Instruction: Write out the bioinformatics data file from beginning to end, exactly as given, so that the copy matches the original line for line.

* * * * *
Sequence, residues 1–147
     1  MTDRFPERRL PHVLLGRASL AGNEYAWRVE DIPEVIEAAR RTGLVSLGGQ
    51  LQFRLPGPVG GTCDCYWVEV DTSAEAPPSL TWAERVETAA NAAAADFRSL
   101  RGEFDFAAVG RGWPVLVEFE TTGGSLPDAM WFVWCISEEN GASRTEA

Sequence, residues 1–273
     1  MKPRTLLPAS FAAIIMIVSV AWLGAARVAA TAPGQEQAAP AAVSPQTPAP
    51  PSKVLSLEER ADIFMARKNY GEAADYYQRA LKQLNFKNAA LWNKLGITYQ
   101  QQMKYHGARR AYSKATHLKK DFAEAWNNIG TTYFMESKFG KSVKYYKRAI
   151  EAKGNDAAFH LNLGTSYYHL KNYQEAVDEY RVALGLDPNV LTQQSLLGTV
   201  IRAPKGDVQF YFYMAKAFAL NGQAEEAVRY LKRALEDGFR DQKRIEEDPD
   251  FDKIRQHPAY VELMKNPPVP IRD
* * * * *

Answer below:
Sequence, residues 1–147
     1  MTDRFPERRL PHVLLGRASL AGNEYAWRVE DIPEVIEAAR RTGLVSLGGQ
    51  LQFRLPGPVG GTCDCYWVEV DTSAEAPPSL TWAERVETAA NAAAADFRSL
   101  RGEFDFAAVG RGWPVLVEFE TTGGSLPDAM WFVWCISEEN GASRTEA

Sequence, residues 1–273
     1  MKPRTLLPAS FAAIIMIVSV AWLGAARVAA TAPGQEQAAP AAVSPQTPAP
    51  PSKVLSLEER ADIFMARKNY GEAADYYQRA LKQLNFKNAA LWNKLGITYQ
   101  QQMKYHGARR AYSKATHLKK DFAEAWNNIG TTYFMESKFG KSVKYYKRAI
   151  EAKGNDAAFH LNLGTSYYHL KNYQEAVDEY RVALGLDPNV LTQQSLLGTV
   201  IRAPKGDVQF YFYMAKAFAL NGQAEEAVRY LKRALEDGFR DQKRIEEDPD
   251  FDKIRQHPAY VELMKNPPVP IRD